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Aircraft-repair firm seeking up to 200 local workers

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AAR Corp. plans to hire 200 additional workers at its Indianapolis aircraft repair base, including entry-level workers who could work toward their mechanic's certification, the company said Thursday.

The Wood Dale, Ill.-based aircraft-repair and parts company has at times had a hard time finding certified mechanics in the region.

United Airlines closed its giant Indianapolis maintenance base eight years ago. AAR now operates at the former United base. Many of United’s union-wage workers left the city for new employment, and others who would have trained for the trade looked to other careers.

Also, often among young people, “there is a very strong anti-manual labor work bias,” said AAR’s director of recruiting, Greg Dellinger, who has made numerous presentations at Indianapolis-area high schools in recent years.

Dellinger’s team is conducting a job fair Saturday at 9 a.m. at an aviation technology center operated by Vincennes University and Purdue University, 2175 S. Hoffman Road.

Entry-level support technicians require a high school degree or its equivalent, and a mechanical aptitude.

AAR is providing tuition reimbursement for employees who seek to upgrade their skills and to those interested in obtaining a federal airframe and powerplant license.

An A&P license is required for those performing repairs on key aircraft systems.

AAR’s Indianapolis facility employs about 750. Its clients include Southwest Airlines and Republic Airways Holdings.

Indianapolis has a handful of aircraft mechanic training programs, including those offered by Vincennes University at Indianapolis International. The privately held Aviation School of Maintenance also has a campus here.

Aircraft maintenance jobs can range from $25,000 to $80,000 a year.

Dellinger said AAR anticipates hiring at least 300 additional workers at its other facilities worldwide.
 


 

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  1. The east side does have potential...and I have always thought Washington Scare should become an outlet mall. Anyone remember how popular Eastgate was? Well, Indy has no outlet malls, we have to go to Edinburgh for the deep discounts and I don't understand why. Jim is right. We need a few good eastsiders interested in actually making some noise and trying to change the commerce, culture and stereotypes of the East side. Irvington is very progressive and making great strides, why can't the far east side ride on their coat tails to make some changes?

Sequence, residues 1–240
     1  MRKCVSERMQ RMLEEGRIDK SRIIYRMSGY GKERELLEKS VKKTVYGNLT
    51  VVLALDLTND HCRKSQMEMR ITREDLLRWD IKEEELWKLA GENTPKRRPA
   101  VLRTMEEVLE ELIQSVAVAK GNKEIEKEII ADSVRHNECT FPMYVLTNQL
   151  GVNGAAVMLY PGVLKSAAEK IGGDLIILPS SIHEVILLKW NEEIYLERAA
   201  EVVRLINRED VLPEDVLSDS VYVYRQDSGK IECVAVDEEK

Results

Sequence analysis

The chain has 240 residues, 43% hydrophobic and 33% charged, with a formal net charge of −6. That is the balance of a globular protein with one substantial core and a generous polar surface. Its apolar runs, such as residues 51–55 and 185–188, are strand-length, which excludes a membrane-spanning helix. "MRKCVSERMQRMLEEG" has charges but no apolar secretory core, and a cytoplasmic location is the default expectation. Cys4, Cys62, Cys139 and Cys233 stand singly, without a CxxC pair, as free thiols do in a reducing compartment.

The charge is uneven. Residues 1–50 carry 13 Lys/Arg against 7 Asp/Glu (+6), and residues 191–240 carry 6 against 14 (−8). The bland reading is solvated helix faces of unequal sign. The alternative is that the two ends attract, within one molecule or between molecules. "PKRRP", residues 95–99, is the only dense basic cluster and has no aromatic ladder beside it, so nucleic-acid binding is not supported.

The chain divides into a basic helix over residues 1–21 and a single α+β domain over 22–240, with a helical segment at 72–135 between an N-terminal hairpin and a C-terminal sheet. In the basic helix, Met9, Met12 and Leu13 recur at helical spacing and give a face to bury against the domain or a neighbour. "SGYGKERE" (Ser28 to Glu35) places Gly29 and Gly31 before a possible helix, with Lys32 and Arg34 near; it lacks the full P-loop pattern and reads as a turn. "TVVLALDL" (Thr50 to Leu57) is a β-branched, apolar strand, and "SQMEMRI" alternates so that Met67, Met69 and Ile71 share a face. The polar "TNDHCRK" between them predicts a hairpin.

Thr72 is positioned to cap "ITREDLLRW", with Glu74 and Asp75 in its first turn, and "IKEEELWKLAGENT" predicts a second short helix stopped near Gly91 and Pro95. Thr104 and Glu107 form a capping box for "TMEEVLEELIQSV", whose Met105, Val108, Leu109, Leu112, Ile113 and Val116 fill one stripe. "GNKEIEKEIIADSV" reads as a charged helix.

2. Boston.com has an article from 2010 where they talk about how Interactions moved to Massachusetts in the year prior. http://www.boston.com/business/technology/innoeco/2010/07/interactions_banks_63_million.html The article includes a link back to that Inside Indiana Business press release I linked to earlier, snarkily noting, "Guess this 2006 plan to create 200-plus new jobs in Indiana didn't exactly work out."

  3. I live on the east side and I have read all your comments. a local paper just did an article on Washington square mall with just as many comments and concerns. I am not sure if they are still around, but there was an east side coalition with good intentions to do good things on the east side. And there is a facebook post that called my eastside indy with many old members of the eastside who voice concerns about the east side of the city. We need to come together and not just complain and moan, but come up with actual concrete solutions, because what Dal said is very very true- the eastside could be a goldmine in the right hands. But if anyone is going damn, and change things, it is us eastside residents

  4. Please go back re-read your economics text book and the fine print on the February 2014 CBO report. A minimum wage increase has never resulted in a net job loss...

  5. The GOP at the Statehouse is more interested in PR to keep their majority, than using it to get anything good actually done. The State continues its downward spiral.

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